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Weapons of Mass Destruction (WMD)

Pakistan, India to exchange list of nuclear installations

IRNA

Islamabad, Dec 31, IRNA -- Pakistan and India are to exchange the 
list of their nuclear installations on January 1 under an agreement 
that prohibits the two countries attacking each other`s nuclear 
installations, sources said here on Wednesday. 
The exchange of lists, covered under the agreement on the 
prohibition of attack against nuclear installations and facilities 
between Pakistan and India, would be carried out through diplomatic 
channels, simultaneously at New Delhi and Islamabad. 
Even at the height of tension some two years two years ago, both 
countries exchanged information on the nuclear installations and 
demonstrated their commitment against attacks on each other`s nuclear 
installations. 
According to the agreement on the exchange, signed on December 
31, 1988 and enforced on January 27, 1991, India and Pakistan have to 
inform each other on January 1 every year of the nuclear installations
and facilities to be covered by the agreement. 
The first such exchange of lists took place on January 1, 1992. 
This will be 14th consecutive year the two countries have 
exchanged the lists through diplomatic channels simultaneously in New 
Delhi and Islamabad. 
Under the agreement, the two countries have to inform each other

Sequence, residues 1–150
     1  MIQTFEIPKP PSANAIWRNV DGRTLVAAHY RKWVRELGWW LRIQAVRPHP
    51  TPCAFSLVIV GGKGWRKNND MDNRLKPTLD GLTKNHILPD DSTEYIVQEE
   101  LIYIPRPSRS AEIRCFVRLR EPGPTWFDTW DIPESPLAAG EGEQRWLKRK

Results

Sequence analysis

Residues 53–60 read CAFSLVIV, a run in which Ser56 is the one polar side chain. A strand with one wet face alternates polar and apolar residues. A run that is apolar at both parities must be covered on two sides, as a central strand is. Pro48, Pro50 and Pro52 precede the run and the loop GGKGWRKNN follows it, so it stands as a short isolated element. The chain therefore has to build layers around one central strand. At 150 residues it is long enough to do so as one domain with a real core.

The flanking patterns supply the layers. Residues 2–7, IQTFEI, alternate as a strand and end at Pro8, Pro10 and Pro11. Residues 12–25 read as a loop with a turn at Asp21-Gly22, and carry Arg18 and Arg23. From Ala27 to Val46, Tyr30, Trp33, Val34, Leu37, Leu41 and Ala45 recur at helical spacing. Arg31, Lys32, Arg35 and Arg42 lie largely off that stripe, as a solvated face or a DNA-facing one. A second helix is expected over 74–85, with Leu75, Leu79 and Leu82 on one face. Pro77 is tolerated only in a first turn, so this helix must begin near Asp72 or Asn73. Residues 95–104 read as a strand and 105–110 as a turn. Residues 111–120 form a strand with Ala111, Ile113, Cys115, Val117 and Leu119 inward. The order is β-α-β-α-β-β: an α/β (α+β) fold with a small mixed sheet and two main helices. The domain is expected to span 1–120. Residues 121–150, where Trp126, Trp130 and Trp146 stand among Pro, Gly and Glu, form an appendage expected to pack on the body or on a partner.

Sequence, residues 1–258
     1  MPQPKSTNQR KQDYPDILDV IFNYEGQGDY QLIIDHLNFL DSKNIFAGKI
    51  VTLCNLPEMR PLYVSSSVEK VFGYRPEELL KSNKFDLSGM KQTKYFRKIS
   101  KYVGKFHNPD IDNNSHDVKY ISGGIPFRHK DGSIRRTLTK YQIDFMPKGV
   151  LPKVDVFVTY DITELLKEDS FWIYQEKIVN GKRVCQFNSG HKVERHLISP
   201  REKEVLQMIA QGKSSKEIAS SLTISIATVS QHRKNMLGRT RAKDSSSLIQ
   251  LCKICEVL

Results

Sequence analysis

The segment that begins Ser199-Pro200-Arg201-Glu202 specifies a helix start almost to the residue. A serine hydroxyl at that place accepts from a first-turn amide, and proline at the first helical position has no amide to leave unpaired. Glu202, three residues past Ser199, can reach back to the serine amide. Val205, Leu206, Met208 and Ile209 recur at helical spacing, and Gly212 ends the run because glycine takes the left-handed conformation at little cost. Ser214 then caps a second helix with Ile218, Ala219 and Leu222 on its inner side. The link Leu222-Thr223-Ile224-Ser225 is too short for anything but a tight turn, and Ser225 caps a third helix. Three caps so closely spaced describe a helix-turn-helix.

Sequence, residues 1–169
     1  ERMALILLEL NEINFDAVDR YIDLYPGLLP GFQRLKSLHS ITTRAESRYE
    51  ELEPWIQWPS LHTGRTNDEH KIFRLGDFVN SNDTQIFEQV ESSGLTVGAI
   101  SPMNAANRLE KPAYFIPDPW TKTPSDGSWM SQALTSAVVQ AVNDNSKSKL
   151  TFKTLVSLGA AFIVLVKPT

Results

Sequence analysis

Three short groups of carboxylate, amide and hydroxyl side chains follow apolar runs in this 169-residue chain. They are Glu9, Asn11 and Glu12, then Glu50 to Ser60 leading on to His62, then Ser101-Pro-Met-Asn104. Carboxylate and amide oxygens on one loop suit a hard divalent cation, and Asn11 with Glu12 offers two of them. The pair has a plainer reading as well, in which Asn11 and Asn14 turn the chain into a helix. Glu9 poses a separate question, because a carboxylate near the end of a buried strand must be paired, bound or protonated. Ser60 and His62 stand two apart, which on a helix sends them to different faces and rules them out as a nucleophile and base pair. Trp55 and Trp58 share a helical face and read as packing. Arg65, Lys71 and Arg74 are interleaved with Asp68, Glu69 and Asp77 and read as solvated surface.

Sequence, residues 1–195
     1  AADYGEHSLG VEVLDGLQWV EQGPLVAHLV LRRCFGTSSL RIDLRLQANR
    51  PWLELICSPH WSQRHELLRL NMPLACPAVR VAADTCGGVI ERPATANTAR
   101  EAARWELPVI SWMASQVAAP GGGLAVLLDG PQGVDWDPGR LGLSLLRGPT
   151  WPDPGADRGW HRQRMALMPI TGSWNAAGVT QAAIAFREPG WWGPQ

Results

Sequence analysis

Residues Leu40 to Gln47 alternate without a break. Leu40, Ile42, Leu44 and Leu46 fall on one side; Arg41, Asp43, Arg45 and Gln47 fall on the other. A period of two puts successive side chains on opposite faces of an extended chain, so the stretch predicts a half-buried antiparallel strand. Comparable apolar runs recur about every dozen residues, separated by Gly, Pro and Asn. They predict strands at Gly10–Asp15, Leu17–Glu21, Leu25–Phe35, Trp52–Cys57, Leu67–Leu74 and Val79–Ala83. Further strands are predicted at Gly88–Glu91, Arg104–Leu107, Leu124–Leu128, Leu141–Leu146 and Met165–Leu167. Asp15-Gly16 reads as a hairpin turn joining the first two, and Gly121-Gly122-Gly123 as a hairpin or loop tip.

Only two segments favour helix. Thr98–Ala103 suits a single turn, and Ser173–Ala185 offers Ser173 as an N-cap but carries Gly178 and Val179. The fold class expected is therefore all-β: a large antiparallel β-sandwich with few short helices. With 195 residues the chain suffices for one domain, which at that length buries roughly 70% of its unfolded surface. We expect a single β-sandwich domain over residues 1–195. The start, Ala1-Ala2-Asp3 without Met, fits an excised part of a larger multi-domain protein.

on January 1 every year about their nuclear installations and 
facilities. 
The agreement came under severe test two years ago when the two 
countries were poised for a military show down following the attack on
the Parliament in December 2001. 
But despite the rising tensions the two countries complied with 
the agreement and exchanged the lists. 
The list usually includes civilian nuclear power plants and gives 
the exact location of each. 
Indian Prime Minister Atal Bihari Vajpayee will travel to Pakistan
to attend a three-day regional summit in Islamabad begins on January 
4. 
India and Pakistan have fought two of their three wars since 1947 
over Kashmir, which was divided between them after independence from 
British colonial rule in 1947. 
India and Pakistan tested nuclear weapons in 1998, but both have 
been cautious that there would be no chance their current dispute 
could escalate into a nuclear war. 
/TSH/AA/212 
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